Sunday, July 1, 2012

Faith and Freedom

I often dread attending church on the Sunday nearest the 4th of July, and particularly if the 4th falls on a Sunday, which this year was fortunately not the case. Too often this Sunday becomes an orgy of religious patriotism, a fusion of God and country in which patriotic songs displace solid hymns and songs of praise to the true Lord and patriotic symbols are splashed across the sanctuary. It can be enough to make my stomach churn. I remember one Sunday some years ago in which I entered the sanctuary and saw the front wall covered in paper printed in miniature US flags. I don't know how I kept myself from turning around and walking out the door.

I am not unpatriotic. Well, I'm probably not as patriotic as many and probably not nearly enough so to satisfy many conservatives. I am not one to say “my country right or wrong,” nor do I believe that we are the greatest country on earth, as if the United States were God's gift to the rest of the world. I really don't think we're THAT special and I chafe at expressions of religious patriotism that imply that we are.

But I do love my country and I am glad that I had the privilege of being born here, growing up here and now have the privilege of living here. There is much I appreciate about being American and my appreciation has only deepened and strengthened through the years I have lived outside of this country. I grow teary-eyed at the singing of the Star-Spangled Banner and there are moments when the sight of Old Glory brings an emotional swell. But my experience living beyond this country's borders has opened my mind to other viewpoints and ways of life. I affirm much of what our culture values, but I don't uncritically embrace American culture nor do I view it as the pinnacle of development. We have much to give thanks for and it is appropriate to do so on this, our national holiday. But we must also as God's children always consciously recognize how far short we fall of realizing the fullness of God's kingdom on earth. As a nation we have done many positive, good things at home and around the world. But we have also sinned grievously against those within our borders and those outside them in pursuit of our own selfish interests – although we often fail to recognize and rarely accept the responsibility for the impact our selfish actions have on others. Unlike what some believe, our most glorious days do not lie in our past, as if we had climbed to some pinnacle of godliness and have sense fallen away. No, we have yet to embody the fullness of the message of the gospel of Jesus. We have failed to demonstrate love to our neighbors and to our enemies. No matter how much we would like to think of ourselves that way, we are not God's special nation, anointed uniquely by God to carry out the divine will on earth.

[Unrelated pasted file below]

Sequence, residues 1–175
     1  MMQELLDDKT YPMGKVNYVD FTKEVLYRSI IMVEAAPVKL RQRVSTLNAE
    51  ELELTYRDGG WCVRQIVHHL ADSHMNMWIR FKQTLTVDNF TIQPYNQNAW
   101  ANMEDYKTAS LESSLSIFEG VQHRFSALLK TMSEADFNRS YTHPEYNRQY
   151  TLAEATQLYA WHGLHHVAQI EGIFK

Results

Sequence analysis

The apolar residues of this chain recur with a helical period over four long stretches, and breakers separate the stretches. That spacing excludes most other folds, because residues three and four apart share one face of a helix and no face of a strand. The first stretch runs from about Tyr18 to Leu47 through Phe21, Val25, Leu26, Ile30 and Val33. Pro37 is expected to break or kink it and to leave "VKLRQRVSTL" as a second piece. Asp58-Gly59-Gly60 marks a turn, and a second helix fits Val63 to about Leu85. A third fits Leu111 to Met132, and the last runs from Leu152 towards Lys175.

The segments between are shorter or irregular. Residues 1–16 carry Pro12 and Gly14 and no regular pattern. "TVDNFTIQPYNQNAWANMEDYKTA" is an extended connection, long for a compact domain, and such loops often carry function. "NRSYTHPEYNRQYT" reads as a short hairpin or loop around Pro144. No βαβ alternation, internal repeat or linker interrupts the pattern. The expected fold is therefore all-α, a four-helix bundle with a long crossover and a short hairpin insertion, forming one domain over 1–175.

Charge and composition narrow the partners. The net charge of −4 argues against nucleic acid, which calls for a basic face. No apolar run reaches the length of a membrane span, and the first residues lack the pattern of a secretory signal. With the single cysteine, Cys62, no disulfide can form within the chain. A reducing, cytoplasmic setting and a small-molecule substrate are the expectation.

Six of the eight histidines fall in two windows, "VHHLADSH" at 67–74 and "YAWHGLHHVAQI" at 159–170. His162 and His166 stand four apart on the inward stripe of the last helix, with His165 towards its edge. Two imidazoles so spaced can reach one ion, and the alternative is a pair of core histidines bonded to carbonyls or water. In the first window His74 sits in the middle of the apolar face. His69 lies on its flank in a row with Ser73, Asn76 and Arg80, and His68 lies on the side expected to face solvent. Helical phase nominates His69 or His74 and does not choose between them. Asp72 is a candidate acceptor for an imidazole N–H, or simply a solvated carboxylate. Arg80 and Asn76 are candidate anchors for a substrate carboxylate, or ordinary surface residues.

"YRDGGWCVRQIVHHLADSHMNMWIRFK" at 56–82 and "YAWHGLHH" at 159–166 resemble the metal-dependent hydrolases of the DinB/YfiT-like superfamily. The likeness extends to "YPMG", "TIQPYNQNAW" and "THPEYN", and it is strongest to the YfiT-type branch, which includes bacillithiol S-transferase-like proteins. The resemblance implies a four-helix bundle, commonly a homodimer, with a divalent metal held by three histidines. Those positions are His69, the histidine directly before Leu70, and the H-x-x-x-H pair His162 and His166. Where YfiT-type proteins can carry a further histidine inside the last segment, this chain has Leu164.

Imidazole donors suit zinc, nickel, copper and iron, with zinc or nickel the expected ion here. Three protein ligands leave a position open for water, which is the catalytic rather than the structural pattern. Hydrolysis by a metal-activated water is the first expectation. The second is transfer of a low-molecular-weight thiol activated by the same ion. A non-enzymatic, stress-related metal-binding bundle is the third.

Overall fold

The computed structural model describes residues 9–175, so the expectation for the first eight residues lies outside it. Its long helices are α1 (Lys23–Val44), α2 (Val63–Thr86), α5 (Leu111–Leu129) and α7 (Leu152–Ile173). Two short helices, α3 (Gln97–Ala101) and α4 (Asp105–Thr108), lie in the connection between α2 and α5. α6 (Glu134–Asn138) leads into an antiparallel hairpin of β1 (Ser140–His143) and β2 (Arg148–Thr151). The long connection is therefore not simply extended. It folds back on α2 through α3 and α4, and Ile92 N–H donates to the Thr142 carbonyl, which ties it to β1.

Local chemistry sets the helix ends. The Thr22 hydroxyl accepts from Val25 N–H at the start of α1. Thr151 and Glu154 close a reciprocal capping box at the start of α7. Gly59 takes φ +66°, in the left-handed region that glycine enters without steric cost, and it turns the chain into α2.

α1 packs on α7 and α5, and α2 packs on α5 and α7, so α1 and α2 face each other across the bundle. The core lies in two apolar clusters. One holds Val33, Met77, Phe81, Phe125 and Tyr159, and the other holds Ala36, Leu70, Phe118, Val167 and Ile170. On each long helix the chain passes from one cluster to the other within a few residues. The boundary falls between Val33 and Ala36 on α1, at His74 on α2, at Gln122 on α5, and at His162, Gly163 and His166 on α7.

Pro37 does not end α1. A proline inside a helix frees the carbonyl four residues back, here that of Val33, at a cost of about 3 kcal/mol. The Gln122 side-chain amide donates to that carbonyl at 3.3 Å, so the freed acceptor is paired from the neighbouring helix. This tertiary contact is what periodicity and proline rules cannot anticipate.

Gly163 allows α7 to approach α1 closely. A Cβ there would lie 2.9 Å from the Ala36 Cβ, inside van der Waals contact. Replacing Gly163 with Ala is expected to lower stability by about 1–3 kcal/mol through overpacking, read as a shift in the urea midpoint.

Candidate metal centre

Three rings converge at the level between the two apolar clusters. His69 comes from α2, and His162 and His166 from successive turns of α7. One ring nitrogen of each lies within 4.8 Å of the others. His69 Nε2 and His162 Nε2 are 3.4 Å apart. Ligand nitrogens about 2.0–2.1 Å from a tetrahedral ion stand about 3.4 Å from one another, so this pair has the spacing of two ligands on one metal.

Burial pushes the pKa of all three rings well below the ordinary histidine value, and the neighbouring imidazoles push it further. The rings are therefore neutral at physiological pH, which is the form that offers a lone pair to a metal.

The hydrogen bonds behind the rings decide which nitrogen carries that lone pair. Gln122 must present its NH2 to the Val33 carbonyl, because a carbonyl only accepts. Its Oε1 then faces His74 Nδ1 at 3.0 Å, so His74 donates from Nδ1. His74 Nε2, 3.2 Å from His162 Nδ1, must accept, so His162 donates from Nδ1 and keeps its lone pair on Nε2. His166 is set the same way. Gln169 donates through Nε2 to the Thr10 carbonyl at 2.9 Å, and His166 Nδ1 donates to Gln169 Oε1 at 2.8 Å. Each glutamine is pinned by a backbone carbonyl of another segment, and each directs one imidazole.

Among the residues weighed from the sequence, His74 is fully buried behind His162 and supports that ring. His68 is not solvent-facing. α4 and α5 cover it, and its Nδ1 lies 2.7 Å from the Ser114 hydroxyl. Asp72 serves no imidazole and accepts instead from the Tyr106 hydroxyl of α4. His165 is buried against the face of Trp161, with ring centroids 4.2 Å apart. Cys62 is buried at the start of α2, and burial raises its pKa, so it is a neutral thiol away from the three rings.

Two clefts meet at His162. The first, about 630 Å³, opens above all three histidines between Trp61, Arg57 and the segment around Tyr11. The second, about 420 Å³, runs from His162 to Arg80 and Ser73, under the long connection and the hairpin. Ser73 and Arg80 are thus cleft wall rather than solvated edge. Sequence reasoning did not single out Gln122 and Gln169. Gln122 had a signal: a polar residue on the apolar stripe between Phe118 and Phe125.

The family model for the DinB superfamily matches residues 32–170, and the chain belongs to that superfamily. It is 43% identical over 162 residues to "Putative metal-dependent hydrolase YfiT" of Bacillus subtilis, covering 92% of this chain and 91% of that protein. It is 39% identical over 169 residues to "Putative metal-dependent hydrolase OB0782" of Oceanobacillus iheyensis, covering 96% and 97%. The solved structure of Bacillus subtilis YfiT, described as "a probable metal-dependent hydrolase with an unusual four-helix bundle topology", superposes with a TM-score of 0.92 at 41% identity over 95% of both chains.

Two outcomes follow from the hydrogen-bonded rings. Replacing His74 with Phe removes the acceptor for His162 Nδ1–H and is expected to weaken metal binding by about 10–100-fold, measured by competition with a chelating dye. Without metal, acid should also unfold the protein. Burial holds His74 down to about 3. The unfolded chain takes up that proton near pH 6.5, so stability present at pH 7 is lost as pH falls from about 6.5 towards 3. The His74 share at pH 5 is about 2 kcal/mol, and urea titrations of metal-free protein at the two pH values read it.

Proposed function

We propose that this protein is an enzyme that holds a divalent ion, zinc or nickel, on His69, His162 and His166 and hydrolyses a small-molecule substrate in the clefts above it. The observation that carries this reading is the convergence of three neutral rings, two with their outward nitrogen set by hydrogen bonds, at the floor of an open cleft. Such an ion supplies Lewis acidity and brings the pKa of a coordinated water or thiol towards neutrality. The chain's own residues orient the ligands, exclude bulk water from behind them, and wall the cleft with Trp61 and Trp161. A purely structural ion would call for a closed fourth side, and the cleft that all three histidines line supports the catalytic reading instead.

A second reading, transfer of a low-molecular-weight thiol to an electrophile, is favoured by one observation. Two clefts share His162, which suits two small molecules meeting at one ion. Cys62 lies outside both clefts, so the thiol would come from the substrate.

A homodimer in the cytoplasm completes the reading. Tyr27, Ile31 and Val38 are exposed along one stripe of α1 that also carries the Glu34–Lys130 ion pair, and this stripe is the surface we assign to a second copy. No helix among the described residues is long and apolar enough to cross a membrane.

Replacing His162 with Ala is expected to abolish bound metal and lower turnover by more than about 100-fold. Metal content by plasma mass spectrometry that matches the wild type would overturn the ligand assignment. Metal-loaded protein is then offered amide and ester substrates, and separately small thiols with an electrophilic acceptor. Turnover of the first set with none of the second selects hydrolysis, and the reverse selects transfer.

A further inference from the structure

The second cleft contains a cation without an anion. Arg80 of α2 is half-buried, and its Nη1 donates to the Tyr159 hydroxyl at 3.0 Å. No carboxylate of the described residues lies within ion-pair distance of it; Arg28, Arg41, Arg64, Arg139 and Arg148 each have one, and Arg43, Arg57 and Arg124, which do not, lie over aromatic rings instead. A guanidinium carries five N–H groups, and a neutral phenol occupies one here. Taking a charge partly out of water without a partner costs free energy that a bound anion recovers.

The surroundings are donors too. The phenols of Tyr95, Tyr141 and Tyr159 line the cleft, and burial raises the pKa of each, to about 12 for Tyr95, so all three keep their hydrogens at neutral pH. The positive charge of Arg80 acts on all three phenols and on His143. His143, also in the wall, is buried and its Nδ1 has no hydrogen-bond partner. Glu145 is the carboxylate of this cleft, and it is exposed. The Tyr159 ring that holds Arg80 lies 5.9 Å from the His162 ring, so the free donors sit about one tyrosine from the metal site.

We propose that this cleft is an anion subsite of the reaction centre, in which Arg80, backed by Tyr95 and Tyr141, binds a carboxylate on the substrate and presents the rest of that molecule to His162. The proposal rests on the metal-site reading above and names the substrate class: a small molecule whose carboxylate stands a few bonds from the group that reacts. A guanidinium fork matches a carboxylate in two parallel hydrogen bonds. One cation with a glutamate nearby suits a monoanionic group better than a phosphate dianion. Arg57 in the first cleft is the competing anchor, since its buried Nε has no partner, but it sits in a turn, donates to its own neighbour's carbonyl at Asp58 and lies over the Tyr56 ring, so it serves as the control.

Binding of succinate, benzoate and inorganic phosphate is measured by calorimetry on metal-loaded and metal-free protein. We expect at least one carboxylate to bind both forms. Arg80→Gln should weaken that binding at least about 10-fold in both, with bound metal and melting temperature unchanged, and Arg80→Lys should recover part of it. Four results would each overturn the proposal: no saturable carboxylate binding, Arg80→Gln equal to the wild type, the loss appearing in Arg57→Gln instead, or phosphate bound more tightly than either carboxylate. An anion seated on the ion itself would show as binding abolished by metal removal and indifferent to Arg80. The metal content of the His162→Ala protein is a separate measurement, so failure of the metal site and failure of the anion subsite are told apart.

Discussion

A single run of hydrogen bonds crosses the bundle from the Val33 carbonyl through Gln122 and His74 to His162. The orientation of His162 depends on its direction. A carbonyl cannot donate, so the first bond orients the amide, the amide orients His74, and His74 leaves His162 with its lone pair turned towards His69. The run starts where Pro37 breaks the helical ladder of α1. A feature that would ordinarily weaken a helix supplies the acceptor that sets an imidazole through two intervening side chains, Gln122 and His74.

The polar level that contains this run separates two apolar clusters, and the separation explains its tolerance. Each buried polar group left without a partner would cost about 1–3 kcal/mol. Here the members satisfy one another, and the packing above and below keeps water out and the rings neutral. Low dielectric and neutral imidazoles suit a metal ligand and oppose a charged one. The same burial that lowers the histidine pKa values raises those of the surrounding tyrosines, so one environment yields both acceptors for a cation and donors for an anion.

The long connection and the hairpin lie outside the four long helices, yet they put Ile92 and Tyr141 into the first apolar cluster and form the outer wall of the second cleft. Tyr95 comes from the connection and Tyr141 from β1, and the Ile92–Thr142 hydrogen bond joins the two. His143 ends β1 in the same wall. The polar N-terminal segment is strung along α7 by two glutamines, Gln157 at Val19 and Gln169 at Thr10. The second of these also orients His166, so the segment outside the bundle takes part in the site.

Today's worship service strayed a bit too much into a display of patriotism for my taste, though not as badly as I have seen and had feared might happen. The choir sang the Battle Hymn of the Republic, which is indeed a rousing song if one can put aside all the background and negative implications carried by it. A soloist performed God Bless America, never one of my favorite songs because most often it seems to be a demand and expectation as much as a plea and petition – as if we deserve God's blessing because we are, after all, God's nation. But the soloist did a nice job and we as the congregation were asked only to listen, not to join in. The sermon avoided any statements of patriotic sentiment, except for one tongue-in-cheek comment about Canada Day because the pastor giving the sermon is actually Canadian and today is, after all, Canada Day.

One song, our closing hymn for the service, actually raised my spirit far more than any of the patriotic songs or other hymns we heard during the morning. We sang the hymn Lift Every Voice and Sing, often referred to as “The Black National Anthem.” I first sang this song more than twenty years ago when I worked in inner-city Philadelphia with Tony Campolo's Evangelical Association for the Promotion of Education. This hymn, along with several other black spirituals, spoke really powerfully to myself and my fellow volunteers as we worked alongside some of the poorest communities in our country, most of them consisting predominantly of black people. Songs such as Lift Every Voice raise the cry of a population that has not enjoyed the full blessings of liberty and freedom that many of us and our ancestors have. It serves as a reminder to all of us how much we still have to attain. As it has done for over a century for those suffering under oppression and injustice, it also offers us strength and hope that come from faith enduring and strengthening through dark days. I'm not ready to lobby for this song to replace the Star-Spangled Banner as our national anthem, but I would love to hear it become a more frequent part of our national repertoire.

If asked, I would not say I am proud to be an American, because I think pride is not the right word. I think pride leads to (or perhaps arises from?) arrogance, and arrogance is never pleasing to God. Unfortunately it seems to be one of the hallmarks of American identity in the world today and one of the chief reasons that many around the world despise us. I think that we as a nation need to adopt a more humble posture, not kindle greater national pride. This does not mean we should not be grateful to be Americans. It does not mean we shouldn't appreciate the benefits and blessings that come with our citizenship. They are a gift. But our true citizenship lies not in this nation, but in a kingdom that does not have physical boundaries on this earth. So as we celebrate our freedom this week, let us continue to give even greater thanks for the freedom we have in Christ and raise our lift our voices and sing on behalf of those who do not yet know freedom.  

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